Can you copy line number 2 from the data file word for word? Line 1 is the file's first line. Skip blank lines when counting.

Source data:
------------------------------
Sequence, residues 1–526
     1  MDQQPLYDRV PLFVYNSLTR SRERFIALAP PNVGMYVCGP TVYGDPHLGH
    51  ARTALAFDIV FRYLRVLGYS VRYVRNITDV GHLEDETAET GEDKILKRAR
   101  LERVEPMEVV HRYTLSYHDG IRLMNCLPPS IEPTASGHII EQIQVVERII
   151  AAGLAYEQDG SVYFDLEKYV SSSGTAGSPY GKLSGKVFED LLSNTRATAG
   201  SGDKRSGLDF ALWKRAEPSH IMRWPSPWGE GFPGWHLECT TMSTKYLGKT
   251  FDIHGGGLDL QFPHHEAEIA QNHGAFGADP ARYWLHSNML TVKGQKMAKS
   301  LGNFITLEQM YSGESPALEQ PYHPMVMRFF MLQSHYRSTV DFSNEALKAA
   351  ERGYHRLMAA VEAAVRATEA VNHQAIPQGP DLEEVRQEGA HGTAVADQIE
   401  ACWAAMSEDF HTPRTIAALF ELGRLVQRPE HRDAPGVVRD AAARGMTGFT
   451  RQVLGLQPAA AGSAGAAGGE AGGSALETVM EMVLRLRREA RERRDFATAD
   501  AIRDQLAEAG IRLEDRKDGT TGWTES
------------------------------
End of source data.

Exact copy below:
     1  MDQQPLYDRV PLFVYNSLTR SRERFIALAP PNVGMYVCGP TVYGDPHLGH